Agricultural Productivity and Structural Transformation: Evidence and Questions for African Development – Douglas Gollin

In many of the poorest developing countries, including those in sub-Saharan Africa, labour productivity in agriculture is extremely low. In a mechanical sense, these countries are poor because they have low agricultural productivity and because many people work in the agricultural sector. This raises a number of questions moving forward. Why is productivity in agriculture so low? Is this partially a problem of mismeasurement? To the extent that productivity gaps are real, are they evidence of any inefficiency? When, where, and how would agricultural productivity growth lead to sustained, sustainable, and inclusive growth? What obstacles, frictions, and barriers limit this growth? What are the implications for policies directed at agriculture or rural development?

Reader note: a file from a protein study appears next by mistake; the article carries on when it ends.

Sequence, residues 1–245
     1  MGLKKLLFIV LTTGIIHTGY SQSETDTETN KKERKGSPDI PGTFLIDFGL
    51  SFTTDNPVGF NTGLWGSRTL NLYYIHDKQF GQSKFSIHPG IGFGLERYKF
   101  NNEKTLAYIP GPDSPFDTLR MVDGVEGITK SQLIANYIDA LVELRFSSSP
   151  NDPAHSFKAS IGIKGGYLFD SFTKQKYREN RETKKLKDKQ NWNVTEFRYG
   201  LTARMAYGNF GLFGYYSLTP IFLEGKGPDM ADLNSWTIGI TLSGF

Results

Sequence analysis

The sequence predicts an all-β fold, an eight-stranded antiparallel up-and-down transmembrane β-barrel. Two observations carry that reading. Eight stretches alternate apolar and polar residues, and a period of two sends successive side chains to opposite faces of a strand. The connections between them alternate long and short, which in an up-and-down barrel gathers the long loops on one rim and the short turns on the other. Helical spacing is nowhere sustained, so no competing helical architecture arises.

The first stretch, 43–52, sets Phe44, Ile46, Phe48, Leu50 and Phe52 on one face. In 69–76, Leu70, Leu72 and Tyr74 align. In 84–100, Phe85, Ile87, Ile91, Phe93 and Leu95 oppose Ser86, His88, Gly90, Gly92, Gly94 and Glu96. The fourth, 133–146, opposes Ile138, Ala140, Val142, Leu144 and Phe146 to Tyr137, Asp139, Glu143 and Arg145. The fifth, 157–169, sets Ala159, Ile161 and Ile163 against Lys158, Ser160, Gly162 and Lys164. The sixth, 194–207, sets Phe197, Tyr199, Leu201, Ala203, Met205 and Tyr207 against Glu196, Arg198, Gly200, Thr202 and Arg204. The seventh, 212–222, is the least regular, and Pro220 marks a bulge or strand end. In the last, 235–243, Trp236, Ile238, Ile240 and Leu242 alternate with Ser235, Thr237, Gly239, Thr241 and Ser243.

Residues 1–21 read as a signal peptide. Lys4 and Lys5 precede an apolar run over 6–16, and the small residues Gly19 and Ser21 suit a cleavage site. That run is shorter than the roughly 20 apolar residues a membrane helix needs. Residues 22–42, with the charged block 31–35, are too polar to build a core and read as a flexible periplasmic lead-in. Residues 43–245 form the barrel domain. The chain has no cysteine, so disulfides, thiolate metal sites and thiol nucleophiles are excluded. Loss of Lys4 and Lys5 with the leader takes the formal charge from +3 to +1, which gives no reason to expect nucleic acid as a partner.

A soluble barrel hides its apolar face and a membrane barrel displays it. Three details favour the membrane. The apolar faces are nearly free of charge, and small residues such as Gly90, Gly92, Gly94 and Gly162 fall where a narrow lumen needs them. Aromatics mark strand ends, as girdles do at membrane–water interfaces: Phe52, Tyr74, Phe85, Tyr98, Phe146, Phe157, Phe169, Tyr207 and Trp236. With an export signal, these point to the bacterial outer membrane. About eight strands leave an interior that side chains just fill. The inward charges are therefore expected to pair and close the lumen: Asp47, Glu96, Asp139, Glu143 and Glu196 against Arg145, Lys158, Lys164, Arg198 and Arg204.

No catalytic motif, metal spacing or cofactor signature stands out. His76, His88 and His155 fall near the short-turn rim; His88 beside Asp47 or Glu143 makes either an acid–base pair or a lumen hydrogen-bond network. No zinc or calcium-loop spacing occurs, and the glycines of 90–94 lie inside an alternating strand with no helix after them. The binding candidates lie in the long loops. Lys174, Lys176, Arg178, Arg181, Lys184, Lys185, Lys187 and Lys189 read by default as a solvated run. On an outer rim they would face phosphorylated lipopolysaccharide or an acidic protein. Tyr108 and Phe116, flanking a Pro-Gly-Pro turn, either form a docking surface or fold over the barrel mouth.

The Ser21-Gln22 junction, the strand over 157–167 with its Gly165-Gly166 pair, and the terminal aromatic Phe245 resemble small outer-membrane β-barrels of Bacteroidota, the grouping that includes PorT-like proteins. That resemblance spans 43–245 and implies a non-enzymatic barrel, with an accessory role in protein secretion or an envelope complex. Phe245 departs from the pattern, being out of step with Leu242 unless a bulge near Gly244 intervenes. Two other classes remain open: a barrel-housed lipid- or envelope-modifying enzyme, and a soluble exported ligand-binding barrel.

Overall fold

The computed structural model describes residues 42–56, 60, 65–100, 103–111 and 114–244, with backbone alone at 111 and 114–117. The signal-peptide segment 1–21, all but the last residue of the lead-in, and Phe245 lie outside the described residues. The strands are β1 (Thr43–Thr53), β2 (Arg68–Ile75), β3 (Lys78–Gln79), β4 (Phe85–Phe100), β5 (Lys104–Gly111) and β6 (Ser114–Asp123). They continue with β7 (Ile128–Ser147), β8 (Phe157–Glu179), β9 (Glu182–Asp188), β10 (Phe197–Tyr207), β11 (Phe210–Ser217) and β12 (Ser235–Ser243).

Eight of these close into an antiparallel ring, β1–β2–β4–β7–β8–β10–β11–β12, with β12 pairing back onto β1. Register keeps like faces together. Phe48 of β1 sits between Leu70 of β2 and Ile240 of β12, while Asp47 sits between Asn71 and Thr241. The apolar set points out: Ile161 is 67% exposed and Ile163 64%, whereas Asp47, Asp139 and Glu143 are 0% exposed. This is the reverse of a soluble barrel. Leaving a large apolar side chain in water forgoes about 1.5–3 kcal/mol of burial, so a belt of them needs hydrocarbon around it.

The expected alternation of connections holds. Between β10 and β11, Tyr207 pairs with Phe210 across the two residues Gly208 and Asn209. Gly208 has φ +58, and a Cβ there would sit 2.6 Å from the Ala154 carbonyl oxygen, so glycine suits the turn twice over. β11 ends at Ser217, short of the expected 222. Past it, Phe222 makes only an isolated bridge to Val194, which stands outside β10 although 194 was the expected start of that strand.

This paper addresses these and other questions in assessing the role of agricultural productivity in achieving structural transformation and growth in sub-Saharan Africa. It starts by documenting sectoral gaps and cross-country productivity differences and will then examines some possible explanations for their existence. This is followed by a historical review of the research that has sought to explain agriculture-led strategies for growth and transformation from the early classical models to recent evidence from micro literature and research on spatial frictions. The paper goes on to consider the role of market failures and policy distortions before examining the historical impact of technology change, the lessons that can be learned from the Green Revolution, and importantly, how the situation is different today in sub-Saharan Africa and post COVID-19. Lastly, this paper will lay sets out policies that can be enacted to promote agricultural productivity growth in different contexts as well as an agenda for future research.